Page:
The song that spawned the musical ‘Ang Huling El Bimbo’ is a loaded lyrical narrative. Estranged lovers and a life cut short made for Eraserheads’ arguably most iconic single. It may even be OPM’s most well-known tragedy. More than two decades since its release, the song is elaborated into a musical, hinged on reminiscence and regret. This time, focus is shifted to ‘Joy’—the girl who resembled Paraluman—and her eventual undoing.
Through a reworking of Eraserheads’ wildly diverse repertoire (directed by Dexter Santos, with musical direction from Myke Salomon), ‘Ang Huling El Bimbo’ unraveled in two timelines: present-day cynical Manila; and Manila two decades prior, filled with youthful idealism.
Three men are shaken from their established albeit problem-riddled lives when a phone call brings them to a local precinct. The reason? A woman on the drug watch list has been found dead, and on her phone were missed calls to the three men. For months, Joy (Menchu Lauchengco-Yulo) had been reaching out to her closest friends—Hector (Gian Magdangal), Emman (OJ Mariano), and Anthony (Jon Santos)—in futile attempts at reconciliation. After what happened one unfortunate night twenty or so years ago, the three men had grown up and grown more elusive to her.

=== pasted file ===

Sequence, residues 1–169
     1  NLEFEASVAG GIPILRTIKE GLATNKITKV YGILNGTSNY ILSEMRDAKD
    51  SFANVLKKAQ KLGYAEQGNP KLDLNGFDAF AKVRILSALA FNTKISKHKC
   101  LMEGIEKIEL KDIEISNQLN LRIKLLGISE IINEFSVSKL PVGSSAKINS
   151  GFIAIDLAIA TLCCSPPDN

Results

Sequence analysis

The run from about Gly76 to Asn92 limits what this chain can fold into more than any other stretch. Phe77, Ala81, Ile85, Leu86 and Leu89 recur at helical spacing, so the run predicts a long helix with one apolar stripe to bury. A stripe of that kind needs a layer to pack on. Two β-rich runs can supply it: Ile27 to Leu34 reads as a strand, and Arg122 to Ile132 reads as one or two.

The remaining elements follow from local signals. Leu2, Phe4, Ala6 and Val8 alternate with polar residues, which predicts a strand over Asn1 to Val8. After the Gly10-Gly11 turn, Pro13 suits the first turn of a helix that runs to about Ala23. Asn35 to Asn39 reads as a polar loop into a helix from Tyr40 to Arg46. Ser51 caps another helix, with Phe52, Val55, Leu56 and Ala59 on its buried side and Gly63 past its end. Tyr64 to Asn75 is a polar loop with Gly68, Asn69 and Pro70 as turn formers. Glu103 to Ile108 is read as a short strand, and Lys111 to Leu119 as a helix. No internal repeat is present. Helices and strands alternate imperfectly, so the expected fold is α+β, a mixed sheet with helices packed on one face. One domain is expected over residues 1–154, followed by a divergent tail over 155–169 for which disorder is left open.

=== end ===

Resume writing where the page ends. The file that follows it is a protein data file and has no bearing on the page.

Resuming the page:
After the trio’s untimely reunion, writer Dingdong Novenario brought audiences back to where, and when, it started: the premiere State University smack dab in the middle of the ‘90s–and a fully realized mise-en-scène it was, with on-point costume design by Marlon Rivera and scenic design by Gino Gonzales.
Set to Eraserheads’ ‘Minsan’, the UP experience was distilled into one larger-than-life montage; unmissable were the protests, the annual Lantern Parade, the UP Fair, and even the infamous Oblation Run. It established the three young men–Hector (Bibo Reyes), Emman (Boo Gabunada), and Anthony (Phi Palmos)–and their initial taste of freedom in the university.